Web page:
Deeth Williams Wallhttp://www.dww.com/articles/internet-standards-body-calls-for-comments-on-royaltyfree-patent-policy
The Virginia Supreme Court recently affirmed a lower Court's ruling refusing AOL's motion to quash Nam Tai Electronics' subpoena for the identity of an AOL subscriber.
Nam Tai filed a complaint in the Superior Court of the State of California against fifty-one unknown individuals alleging libel, trade libel, and violations of California's unfair business practice statutes. Allegedly, the anonymous defendants had posted, "false, defamatory and otherwise unlawful messages" on an Internet message board relating to Nam Tai's publicly traded stock. One of the defendants was an AOL subscriber.
Deeth Williams Wallhttp://www.dww.com/articles/aol-must-disclose-identity-of-subscriber
Ending a dispute between RIM and Handspring for infringement of a number of the former's U.S. patents for handheld device keyboards, the two companies recently announced that discussions are underway for Handspring to license these patents. Once licensing agreements are finalized, the pending lawsuit will be discontinued.
Deeth Williams Wallhttp://www.dww.com/articles/research-motion-rim-to-settle-patent-dispute-handspring
The longest running Uniform Domain Names Dispute Resolution Policy (UDRP) case came to a close recently, two years and four months after the complaint was initially filed. Stanley Works, a manufacturer of well-known tools and household hardware, had filed its UDRP complaint with the National Arbitration Forum on April 27, 2000, requesting that McNeil & Associate transfer the domain names stanley-proto.com, stanley-husky.com, stanley-tools.com, and stanley-hardware.com to the complainant.
Deeth Williams Wallhttp://www.dww.com/articles/longest-running-domain-name-dispute-concludes
Close to a year after the settlement agreement was signed, U.S. District Court Judge Colleen Kollar-Kotelly approved the Microsoft anti-trust settlement with a few minor changes, ending the prolonged anti-trust case between Microsoft and the U.S. Department of Justice. Judge Kollar-Kotelly rejected efforts by the Department of Justice to impose stiffer sanctions on the software giant. The settlement did, however, include some restrictions on Microsoft's business practices. Microsoft Chairman Bill Gates said that this settlement is a "major milestone" and that he is "personally committed to full compliance".
Deeth Williams Wallhttp://www.dww.com/articles/microsoft-antitrust-case-settled
A growing emphasis on mediation and arbitration has prompted the ADR Institute of Canada to develop comprehensive National Arbitration Rules. The Rules complement arbitration statutes in most provinces and are intended to provide a detailed procedure for arbitration of any kind of dispute within Canada.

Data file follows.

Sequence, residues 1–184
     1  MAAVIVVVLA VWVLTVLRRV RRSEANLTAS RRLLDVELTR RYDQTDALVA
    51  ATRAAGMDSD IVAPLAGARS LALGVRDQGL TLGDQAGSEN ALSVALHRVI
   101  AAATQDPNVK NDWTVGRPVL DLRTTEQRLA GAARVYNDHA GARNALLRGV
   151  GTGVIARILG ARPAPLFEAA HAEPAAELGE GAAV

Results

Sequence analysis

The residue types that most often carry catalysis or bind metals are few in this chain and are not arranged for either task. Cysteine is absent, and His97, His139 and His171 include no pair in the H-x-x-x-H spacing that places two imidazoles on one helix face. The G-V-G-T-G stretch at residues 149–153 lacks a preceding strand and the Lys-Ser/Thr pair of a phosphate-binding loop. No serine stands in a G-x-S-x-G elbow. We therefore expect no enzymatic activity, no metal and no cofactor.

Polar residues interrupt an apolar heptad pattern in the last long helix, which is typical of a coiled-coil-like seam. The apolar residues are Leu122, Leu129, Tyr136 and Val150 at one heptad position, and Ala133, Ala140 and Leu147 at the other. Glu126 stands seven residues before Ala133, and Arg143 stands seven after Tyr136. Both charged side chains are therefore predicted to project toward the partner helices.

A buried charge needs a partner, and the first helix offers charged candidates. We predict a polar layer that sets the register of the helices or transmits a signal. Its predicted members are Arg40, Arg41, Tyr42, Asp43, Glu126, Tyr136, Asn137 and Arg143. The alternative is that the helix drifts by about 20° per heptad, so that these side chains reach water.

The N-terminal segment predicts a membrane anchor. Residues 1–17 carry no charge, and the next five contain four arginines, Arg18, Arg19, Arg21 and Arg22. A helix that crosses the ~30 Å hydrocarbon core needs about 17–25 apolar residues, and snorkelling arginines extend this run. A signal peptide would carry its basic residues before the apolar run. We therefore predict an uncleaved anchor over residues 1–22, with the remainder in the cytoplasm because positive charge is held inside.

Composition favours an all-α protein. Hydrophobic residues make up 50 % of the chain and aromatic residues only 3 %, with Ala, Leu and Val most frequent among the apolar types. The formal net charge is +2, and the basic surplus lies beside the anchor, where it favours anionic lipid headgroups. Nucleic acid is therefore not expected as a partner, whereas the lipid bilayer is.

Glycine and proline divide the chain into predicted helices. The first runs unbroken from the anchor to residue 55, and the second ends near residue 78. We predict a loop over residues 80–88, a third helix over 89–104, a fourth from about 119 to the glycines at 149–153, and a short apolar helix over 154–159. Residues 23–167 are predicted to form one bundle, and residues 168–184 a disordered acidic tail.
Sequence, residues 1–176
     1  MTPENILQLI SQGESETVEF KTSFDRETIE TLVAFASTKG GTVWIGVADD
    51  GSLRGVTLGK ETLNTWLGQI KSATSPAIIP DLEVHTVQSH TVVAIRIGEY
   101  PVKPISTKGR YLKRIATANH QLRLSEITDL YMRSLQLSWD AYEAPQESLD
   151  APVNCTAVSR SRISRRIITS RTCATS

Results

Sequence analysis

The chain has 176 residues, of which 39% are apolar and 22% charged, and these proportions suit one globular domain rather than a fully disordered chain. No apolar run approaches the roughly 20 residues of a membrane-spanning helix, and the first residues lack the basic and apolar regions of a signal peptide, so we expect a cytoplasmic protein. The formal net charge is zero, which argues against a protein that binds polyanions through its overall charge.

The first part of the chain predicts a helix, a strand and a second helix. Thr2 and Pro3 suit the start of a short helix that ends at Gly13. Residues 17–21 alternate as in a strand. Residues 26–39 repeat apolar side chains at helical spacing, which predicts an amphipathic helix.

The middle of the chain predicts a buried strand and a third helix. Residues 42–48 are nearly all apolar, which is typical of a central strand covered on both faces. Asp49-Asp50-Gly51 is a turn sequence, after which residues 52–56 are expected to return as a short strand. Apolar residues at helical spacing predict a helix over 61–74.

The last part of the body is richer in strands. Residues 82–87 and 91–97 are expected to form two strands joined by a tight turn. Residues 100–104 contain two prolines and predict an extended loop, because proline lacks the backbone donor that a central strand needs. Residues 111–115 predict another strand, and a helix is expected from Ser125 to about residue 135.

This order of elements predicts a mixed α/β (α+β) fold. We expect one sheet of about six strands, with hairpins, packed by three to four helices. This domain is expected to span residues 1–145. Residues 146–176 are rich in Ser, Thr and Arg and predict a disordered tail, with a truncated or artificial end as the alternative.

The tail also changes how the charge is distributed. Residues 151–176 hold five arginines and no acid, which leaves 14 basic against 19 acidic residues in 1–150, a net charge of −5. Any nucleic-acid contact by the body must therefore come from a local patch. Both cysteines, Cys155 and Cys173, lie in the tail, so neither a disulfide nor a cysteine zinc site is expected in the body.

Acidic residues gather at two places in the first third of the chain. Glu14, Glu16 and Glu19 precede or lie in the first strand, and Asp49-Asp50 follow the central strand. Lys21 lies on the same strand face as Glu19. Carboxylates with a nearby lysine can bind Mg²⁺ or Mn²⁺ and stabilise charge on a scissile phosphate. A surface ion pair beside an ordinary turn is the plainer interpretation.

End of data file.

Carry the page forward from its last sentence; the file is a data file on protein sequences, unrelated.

Deeth Williams Wallhttp://www.dww.com/articles/adr-institute-of-canada-launches-new-national-arbitration-rules
The U.S. General Accounting Office (GAO) has recently released a report on the monitoring of employee computer use by employers in the U.S. The findings in the report were based on interviews by the GAO of fourteen Fortune 1,000 companies.
The GAO found that all of the companies interviewed stored their employees' electronic transactions, including copies of email messages, web sites visited, and computer file activity.
Deeth Williams Wallhttp://www.dww.com/articles/us-report-finds-all-major-companies-monitor-employee-online-activity
The U.S. Direct Marketing Association (DMA), and the Canadian Marketing Association (CMA) have both recently called for their respective federal governments to enact Anti-Spam legislation as a means to protect consumers and legitimate marketers from deceitful bulk email marketing practises.
Deeth Williams Wallhttp://www.dww.com/articles/no-immediate-plans-for-canada-to-ban-spam-despite-call-from-marketers
The Canadian Competition Bureau has laid charges against the Internet Registry of Canada for its allegedly misleading practice of sending solicitation letters that appear to be Government of Canada invoices for domain name renewal. Domain name owners, whose registration with a third party registrar is set to expire, may receive the mail from the Internet Registry of Canada prompting them to pay and renew through them.
Deeth Williams Wallhttp://www.dww.com/articles/domain-name-scam-warning
In contrast to the recent U.S. case that held that websites are not covered under the Americans With Disabilities Act, (see E-tips, October 24, 2002), the Australian Human Rights Commission has reaffirmed that equality of access is still a requirement under Australian law.
Deeth Williams Wallhttp://www.dww.com/articles/australian-internet-sites-must-be-accessible-to-disabled
The Office of the Information and Privacy Commissioner of Ontario has released a report on developments in access to information and privacy legislation throughout Canada from September 2001 to August 2002.
Deeth Williams Wallhttp://www.dww.com/articles/ontario-information-and-privacy-commissioner-releases-report
The Daily Mirror won its appeal last week against supermodel Naomi Campbell. In February, the Daily Mirror published pictures of Ms. Campbell leaving a Narcotics Anonymous clinic and published articles detailing her alleged drinking and drug addictions and her subsequent treatment. Ms. Campbell has publicly denied taking drugs in the past. In March, the English High Court held that the newspaper was in breach of confidence and breach of the Data Protection Act 1998 and ordered the Daily Mirror to pay damages.
Deeth Williams Wallhttp://www.dww.com/articles/supermodel-naomi-campbell-loses-privacy-case